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ZFS health checker script from calomel.org, adapted to work on Debian 10 (based) systems (e.g. newer versions of Ubuntu).
#! /bin/sh
#
# Calomel.org
# https://calomel.org/zfs_health_check_script.html
# FreeBSD ZFS Health Check script
# zfs_health.sh @ Version 0.18.2
# Check health of ZFS volumes and drives. On any faults send email.
### DISCLAIMER AND CHANGES
# Original version 0.18 - April 10 2020 https://calomel.org/zfs_health_check_script.html
# I do not claim to be the original author of this script: credits to calomel.org
# Changelog (woftor GitHub):
# - Added some lines to make the date logic work in Debian 10 (based) systems
# - A typo in a description
# - Added rudimentary logging to a file support
###
# Set this to 1 to log to a file and 0 to disable logging to a file (email is always sent when there is an error)
logtofile=1
# Location of logfile if logtofile is set
logfile=/var/log/zfs_health.log
# 99 problems but ZFS aint one
problems=0
# Health - Check if all zfs volumes are in good condition. We are looking for
# any keyword signifying a degraded or broken array.
condition=$(/sbin/zpool status | egrep -i '(DEGRADED|FAULTED|OFFLINE|UNAVAIL|REMOVED|FAIL|DESTROYED|corrupt|cannot|unrecover)')
if [ "${condition}" ]; then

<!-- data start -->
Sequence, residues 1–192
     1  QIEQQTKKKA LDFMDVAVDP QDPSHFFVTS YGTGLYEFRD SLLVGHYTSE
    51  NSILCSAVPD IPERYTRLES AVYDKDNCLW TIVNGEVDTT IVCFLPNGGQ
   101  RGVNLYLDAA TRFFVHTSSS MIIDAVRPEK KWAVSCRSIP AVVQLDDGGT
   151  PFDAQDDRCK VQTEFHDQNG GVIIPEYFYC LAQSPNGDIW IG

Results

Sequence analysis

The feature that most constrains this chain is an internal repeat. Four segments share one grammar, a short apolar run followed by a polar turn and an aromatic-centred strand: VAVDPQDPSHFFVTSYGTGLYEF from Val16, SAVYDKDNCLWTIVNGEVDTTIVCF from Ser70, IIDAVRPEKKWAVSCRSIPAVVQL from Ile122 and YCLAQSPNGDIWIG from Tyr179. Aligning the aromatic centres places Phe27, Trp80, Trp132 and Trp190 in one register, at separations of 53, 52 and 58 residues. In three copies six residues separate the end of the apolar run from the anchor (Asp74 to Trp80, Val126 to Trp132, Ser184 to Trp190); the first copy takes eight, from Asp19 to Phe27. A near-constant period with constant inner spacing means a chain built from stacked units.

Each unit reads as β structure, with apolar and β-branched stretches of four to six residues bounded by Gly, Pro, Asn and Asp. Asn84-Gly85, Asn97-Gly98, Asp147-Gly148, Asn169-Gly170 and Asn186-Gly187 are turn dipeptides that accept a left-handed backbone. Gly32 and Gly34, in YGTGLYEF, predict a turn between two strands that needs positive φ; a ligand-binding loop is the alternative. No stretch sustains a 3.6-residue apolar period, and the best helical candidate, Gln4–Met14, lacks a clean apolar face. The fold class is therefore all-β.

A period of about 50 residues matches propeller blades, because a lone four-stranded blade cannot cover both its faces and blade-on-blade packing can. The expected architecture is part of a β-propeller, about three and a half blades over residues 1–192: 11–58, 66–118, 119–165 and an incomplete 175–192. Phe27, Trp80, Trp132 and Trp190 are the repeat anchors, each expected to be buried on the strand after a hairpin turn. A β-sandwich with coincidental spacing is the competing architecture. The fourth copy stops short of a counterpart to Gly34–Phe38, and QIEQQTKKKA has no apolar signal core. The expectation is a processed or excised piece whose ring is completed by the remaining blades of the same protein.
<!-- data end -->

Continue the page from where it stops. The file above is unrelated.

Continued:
emailSubject="`hostname` - ZFS pool - HEALTH fault"
problems=1
fi
# Capacity - Make sure the pool capacity is below 80% for best performance. The
# percentage really depends on how large your volume is. If you have a 128GB
# SSD then 80% is reasonable. If you have a 60TB raid-z2 array then you can
# probably set the warning closer to 95%.
#
# ZFS uses a copy-on-write scheme. The file system writes new data to
# sequential free blocks first and when the uberblock has been updated the new
# inode pointers become valid. This method is true only when the pool has
# enough free sequential blocks. If the pool is at capacity and space limited,
# ZFS will be have to randomly write blocks. This means ZFS can not create an
# optimal set of sequential writes and write performance is severely impacted.
maxCapacity=80
if [ ${problems} -eq 0 ]; then
capacity=$(/sbin/zpool list -H -o capacity | cut -d'%' -f1)
for line in ${capacity}
do
if [ $line -ge $maxCapacity ]; then
emailSubject="`hostname` - ZFS pool - Capacity Exceeded"
problems=1
fi
done
fi
# Errors - Check the columns for READ, WRITE and CKSUM (checksum) drive errors
# on all volumes and all drives using "zpool status". If any non-zero errors
# are reported an email will be sent out. You should then look to replace the
# faulty drive and run "zpool scrub" on the affected volume after resilvering.
if [ ${problems} -eq 0 ]; then
errors=$(/sbin/zpool status | grep ONLINE | grep -v state | awk '{print $3 $4 $5}' | grep -v 000)
if [ "${errors}" ]; then
emailSubject="`hostname` - ZFS pool - Drive Errors"
problems=1
fi
fi
# Scrub Expired - Check if all volumes have been scrubbed in at least the last
# 8 days. The general guide is to scrub volumes on desktop quality drives once